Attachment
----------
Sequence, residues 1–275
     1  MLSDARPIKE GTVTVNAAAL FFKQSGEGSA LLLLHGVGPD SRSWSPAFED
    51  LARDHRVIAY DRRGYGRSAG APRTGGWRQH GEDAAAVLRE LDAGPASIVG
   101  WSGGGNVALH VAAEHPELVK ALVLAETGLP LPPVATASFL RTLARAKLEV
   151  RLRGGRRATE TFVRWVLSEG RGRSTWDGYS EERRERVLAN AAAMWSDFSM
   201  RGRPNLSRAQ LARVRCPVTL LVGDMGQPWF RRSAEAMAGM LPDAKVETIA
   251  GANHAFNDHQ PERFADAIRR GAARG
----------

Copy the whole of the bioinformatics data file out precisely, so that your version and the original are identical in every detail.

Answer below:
Sequence, residues 1–275
     1  MLSDARPIKE GTVTVNAAAL FFKQSGEGSA LLLLHGVGPD SRSWSPAFED
    51  LARDHRVIAY DRRGYGRSAG APRTGGWRQH GEDAAAVLRE LDAGPASIVG
   101  WSGGGNVALH VAAEHPELVK ALVLAETGLP LPPVATASFL RTLARAKLEV
   151  RLRGGRRATE TFVRWVLSEG RGRSTWDGYS EERRERVLAN AAAMWSDFSM
   201  RGRPNLSRAQ LARVRCPVTL LVGDMGQPWF RRSAEAMAGM LPDAKVETIA
   251  GANHAFNDHQ PERFADAIRR GAARG